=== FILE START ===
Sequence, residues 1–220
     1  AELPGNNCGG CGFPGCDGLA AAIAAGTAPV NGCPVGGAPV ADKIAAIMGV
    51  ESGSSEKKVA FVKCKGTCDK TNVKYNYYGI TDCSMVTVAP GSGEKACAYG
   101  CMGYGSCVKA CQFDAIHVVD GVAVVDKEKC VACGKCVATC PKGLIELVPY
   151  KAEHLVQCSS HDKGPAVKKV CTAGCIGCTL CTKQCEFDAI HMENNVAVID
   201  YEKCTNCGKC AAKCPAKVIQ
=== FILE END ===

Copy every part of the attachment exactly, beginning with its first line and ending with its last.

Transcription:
Sequence, residues 1–220
     1  AELPGNNCGG CGFPGCDGLA AAIAAGTAPV NGCPVGGAPV ADKIAAIMGV
    51  ESGSSEKKVA FVKCKGTCDK TNVKYNYYGI TDCSMVTVAP GSGEKACAYG
   101  CMGYGSCVKA CQFDAIHVVD GVAVVDKEKC VACGKCVATC PKGLIELVPY
   151  KAEHLVQCSS HDKGPAVKKV CTAGCIGCTL CTKQCEFDAI HMENNVAVID
   201  YEKCTNCGKC AAKCPAKVIQ